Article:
In wanting to reduce the amount of yelling across the house and number of trips up and down stairs to find, inform, or otherwise task family members, I use Arduinos, Adafruit Wave Shields, and xBees to deliver verbal messages remotely on my behalf instead. Along the way during its construction, things got a little out of control and now the k1tchen appl1ances, doorbells, and even the breakfast table participate in the ethereal conversation using not only Wav file audio, but now SMS text messages to the cellphones of intended recipients as well.
The centerpiece of the Private Area Network (PAN) consists of a Box built to classical ratio-metric proportions housing arduinos, xBee, and Wave shields behind back-lit smoky plex panels in its lid and base. I refer to this PAN manager under the shameless portmanteau PANdora Box.
The PANdora Box can send one of 16 messages selected by the brass knob connected to a rotary encoder in the center of the base section. The smoky plex allows the various parts within to be seen, aided by an LED strip light of variable color and intensity, and mirrors on the interior walls. Wacky button sounds are played by the Wave shield as the user rotates the brass knob through each message. Pressing the brass knob instructs an Arduino to send the selected Wav file name across the PAN to the remote listeners which then find and play the Wav file, with, or sometimes without, a preamble. The preamble can be selected from a list appropriate to the message, such as creaky doors, or impersonations. The message itself is usually something useful (but not always) like Kids, please take out the garbage.
Over time, the number of devices sending messages has grown, with each sender developing a unique personality. For example, the Wav files associated with the doorbell are manic depressive in nature, randomly jumping between deliriously happy at the arrival of a visitor, to dreadfully worried as if the visitor could be, say, a process server. The Wav files associated with the oven are openly derisive of the user's baking skills, and is consequently adorned with a warning label accordingly. The breakfast table speaks from a portfolio of sound effects to punctuate whatever might be under discussion around the table. For example, if one of the kids is describing his/her driving lesson that day, the table, possibly under guidance from the spirit world, or more likely via a hidden keyboard by the head of the table, might impertinently recreate the sound of two cars crashing into each other.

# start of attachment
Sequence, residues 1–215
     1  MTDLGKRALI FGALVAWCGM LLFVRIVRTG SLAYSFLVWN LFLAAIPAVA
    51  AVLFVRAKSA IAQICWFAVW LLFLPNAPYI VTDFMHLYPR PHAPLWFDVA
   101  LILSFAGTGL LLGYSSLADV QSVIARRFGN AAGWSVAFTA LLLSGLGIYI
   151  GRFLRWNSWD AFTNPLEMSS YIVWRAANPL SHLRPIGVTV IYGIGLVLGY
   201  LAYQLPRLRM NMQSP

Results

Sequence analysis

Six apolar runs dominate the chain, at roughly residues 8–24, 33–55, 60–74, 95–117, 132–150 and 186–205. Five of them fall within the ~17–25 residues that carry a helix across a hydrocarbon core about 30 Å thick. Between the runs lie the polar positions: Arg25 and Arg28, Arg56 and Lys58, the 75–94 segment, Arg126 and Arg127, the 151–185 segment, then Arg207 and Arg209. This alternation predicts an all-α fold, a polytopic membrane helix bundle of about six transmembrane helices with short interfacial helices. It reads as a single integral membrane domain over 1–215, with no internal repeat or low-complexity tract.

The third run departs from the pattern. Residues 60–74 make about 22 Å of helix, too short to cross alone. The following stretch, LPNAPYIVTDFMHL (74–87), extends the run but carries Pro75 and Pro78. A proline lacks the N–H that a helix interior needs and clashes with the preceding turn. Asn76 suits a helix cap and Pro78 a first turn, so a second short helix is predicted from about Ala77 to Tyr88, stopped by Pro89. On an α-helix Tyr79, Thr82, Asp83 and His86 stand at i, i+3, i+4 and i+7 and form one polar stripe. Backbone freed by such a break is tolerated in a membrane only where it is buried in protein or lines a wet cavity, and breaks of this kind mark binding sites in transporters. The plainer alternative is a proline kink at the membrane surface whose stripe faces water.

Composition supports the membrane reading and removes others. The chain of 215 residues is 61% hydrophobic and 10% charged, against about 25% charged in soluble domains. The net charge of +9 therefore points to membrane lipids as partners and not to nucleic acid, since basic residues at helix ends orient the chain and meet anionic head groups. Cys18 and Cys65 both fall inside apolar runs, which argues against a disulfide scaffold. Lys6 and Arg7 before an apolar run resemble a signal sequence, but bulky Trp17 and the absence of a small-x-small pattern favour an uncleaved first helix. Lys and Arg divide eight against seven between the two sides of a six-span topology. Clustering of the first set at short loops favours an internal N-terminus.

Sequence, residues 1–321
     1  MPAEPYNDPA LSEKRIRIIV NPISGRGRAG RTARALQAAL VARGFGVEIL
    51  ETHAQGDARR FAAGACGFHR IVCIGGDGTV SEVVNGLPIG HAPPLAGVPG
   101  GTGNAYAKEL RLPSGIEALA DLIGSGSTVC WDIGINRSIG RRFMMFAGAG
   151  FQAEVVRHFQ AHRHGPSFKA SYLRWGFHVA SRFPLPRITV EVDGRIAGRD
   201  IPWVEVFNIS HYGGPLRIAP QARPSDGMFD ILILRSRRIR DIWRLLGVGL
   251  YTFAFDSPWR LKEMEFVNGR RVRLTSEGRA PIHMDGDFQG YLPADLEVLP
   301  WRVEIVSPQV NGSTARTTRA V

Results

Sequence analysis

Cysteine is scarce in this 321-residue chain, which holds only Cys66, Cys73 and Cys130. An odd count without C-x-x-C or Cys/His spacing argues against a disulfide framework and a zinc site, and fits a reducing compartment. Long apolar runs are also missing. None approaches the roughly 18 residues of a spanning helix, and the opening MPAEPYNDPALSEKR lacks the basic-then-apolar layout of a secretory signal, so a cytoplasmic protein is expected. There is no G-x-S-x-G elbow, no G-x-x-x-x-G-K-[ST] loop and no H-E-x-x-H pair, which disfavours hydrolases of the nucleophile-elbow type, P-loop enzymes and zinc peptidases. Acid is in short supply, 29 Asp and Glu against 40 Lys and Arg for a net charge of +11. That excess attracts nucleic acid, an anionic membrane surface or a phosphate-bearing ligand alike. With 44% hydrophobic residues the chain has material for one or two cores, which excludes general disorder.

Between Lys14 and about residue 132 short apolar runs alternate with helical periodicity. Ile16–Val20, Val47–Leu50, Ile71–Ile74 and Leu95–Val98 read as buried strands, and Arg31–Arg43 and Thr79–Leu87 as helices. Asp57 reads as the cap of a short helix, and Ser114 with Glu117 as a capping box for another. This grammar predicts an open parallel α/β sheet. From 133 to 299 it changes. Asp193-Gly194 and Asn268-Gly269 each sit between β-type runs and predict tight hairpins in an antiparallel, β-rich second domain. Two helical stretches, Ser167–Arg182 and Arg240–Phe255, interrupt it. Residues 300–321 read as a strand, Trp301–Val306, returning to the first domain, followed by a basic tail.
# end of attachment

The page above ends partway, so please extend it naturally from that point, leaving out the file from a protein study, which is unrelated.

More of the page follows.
A link between the PAN and the Internet is accomplished through an Arduino and WiFi/xBee combination which I call the Netifier. When the Netifier detects a file name being sent by one of the other xBees over the PAN, it sends an SMS message to the intended recipient through a GET request to PHP code running on a remote server. Similarly, voices can magically appear on the PAN through Web/HTML requests, and converted to the local PAN format by the Netifier.
An Android app to control the Netifier is next, with thoughts of using a smart phone to insert inappropriate comments into the table conversation discretely, as in, say, seances or poker games.